Ivon Hitchens

Woodland, Vertical and Horizontal


Not on display

Ivon Hitchens 1893–1979
Oil paint on canvas
Support: 514 × 1168 mm
frame: 850 × 1455 × 85 mm
Purchased 1959

Display caption

Hitchens often painted several versions of the same view, creating series of works akin to musical variations on a theme. He often spoke of his work as ‘visual music’ (likening shape, colour and tone to ‘instruments in a painter’s orchestra’), which he composed using principles of rhythm, balance, opposition and symmetry. ‘My pictures are painted to be “listened” to,’ he wrote.According to Heron, Hitchens’s use of the horizontal, ‘panoramic’ canvas provided a sense of musical movement and flow and captured the active, ‘swivelling eye’ of the artist moving through the landscape.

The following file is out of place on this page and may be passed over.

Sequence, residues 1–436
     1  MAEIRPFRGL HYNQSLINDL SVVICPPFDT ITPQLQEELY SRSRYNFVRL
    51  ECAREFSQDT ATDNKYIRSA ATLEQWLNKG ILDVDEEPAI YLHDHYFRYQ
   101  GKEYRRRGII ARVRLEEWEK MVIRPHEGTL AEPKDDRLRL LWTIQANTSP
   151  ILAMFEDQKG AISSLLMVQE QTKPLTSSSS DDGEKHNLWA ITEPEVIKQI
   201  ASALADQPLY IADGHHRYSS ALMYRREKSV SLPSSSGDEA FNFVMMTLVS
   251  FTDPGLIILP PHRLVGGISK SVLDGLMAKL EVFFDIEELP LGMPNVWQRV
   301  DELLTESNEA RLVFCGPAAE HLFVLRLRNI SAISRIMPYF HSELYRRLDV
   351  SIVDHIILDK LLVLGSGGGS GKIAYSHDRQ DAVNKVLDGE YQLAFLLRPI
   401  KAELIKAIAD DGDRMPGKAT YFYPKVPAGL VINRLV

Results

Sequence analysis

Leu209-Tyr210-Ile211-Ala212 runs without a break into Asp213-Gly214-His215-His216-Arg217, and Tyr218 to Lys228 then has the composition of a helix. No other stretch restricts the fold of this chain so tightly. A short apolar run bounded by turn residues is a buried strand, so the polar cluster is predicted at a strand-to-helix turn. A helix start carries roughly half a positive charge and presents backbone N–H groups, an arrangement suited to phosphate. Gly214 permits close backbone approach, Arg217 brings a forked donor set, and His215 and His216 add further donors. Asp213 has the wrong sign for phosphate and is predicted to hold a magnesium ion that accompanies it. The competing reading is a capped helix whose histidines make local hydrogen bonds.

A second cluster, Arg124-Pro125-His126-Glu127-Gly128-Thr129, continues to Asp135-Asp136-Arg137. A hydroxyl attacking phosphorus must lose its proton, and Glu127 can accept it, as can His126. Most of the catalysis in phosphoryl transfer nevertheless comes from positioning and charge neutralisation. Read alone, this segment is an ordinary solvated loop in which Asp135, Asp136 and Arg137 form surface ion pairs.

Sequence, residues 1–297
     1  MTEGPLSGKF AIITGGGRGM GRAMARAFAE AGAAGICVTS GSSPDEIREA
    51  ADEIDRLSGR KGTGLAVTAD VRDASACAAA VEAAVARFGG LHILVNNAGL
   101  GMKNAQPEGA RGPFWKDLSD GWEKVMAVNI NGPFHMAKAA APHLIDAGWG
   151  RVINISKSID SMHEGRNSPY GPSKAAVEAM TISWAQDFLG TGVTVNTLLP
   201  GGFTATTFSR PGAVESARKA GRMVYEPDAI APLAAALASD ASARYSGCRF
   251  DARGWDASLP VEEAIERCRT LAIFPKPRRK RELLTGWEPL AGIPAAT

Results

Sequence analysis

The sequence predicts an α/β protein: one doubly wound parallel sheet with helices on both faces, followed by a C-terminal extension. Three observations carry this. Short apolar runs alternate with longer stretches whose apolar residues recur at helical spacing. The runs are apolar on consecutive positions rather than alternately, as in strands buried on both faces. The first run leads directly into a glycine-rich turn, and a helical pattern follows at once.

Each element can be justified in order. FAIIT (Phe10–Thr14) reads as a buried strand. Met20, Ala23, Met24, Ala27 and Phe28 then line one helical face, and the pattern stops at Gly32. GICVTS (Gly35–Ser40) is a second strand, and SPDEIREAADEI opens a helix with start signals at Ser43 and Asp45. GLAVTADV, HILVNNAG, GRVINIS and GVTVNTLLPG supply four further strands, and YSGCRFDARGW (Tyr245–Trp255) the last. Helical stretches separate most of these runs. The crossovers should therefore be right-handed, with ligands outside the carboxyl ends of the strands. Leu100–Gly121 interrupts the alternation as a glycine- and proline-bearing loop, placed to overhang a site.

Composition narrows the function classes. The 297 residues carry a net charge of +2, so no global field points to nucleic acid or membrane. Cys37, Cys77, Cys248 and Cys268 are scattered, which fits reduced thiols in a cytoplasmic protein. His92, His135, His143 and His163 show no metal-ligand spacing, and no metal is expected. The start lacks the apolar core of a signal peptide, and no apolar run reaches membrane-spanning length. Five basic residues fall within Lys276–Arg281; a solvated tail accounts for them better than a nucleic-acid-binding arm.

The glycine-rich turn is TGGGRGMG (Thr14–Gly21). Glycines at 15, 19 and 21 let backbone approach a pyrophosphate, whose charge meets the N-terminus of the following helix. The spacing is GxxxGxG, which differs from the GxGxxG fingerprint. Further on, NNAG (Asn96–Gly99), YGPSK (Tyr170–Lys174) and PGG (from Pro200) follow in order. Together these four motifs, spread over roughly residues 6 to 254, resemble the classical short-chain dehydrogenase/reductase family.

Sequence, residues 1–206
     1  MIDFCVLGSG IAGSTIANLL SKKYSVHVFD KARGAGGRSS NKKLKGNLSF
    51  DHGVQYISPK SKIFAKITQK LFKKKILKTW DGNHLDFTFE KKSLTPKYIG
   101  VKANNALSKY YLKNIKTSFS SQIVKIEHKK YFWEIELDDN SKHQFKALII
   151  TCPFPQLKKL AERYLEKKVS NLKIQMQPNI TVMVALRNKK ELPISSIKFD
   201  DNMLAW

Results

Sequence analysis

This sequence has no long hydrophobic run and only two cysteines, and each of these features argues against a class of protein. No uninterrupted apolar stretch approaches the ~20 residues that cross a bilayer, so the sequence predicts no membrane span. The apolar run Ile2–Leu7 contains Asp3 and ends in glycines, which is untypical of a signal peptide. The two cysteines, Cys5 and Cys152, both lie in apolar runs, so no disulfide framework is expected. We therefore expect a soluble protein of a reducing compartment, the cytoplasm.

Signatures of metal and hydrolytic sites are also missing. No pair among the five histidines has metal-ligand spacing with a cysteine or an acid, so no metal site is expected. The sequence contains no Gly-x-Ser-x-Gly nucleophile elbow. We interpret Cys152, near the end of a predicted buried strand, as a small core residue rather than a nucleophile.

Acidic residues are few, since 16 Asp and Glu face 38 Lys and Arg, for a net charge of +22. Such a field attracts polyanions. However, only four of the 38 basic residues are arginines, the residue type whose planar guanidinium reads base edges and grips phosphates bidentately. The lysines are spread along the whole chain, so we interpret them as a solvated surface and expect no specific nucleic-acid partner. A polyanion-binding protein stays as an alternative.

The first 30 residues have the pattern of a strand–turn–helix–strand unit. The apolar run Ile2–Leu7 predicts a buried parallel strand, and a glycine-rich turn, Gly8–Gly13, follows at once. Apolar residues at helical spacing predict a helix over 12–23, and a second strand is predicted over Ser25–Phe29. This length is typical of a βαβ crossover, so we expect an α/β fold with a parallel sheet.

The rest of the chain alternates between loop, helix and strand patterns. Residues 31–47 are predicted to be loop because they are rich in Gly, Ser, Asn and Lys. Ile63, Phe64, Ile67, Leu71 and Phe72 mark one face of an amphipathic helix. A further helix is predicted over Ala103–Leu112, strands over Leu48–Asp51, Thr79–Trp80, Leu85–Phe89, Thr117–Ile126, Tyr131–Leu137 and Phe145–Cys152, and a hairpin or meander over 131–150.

Gallery label, May 2007

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Catalogue entry

Inscr. ‘Hitchens’ b.r.
Canvas, 20 1/4×46 (51·5×117).
Purchased from the Leicester Galleries (Grant-in-Aid) 1959.
Exh: Leicester Galleries, May 1959 (21); Arts Council tour, 1963 (113).
Repr: Painter and Sculptor, 11, No.3, 1959, p.3.

The artist wrote from Lavington Common (17 August 1959): ‘Painted in the autumn of 1958. Direct from nature (as is my usual practice with this type of work). The subject is in the plantation woods near this house. I have painted many aspects of this same Drive - throughout the Seasons ever since we came here some 19 years ago. Other views of the same drive are reproduced in the Penguin edition of modern painters - see plates 1, 4, 5, 7, 8, 9, 20, 21.’ This refers to the book on his work by Patrick Heron published in 1955.

Published in:
Mary Chamot, Dennis Farr and Martin Butlin, The Modern British Paintings, Drawings and Sculpture, London 1964, I

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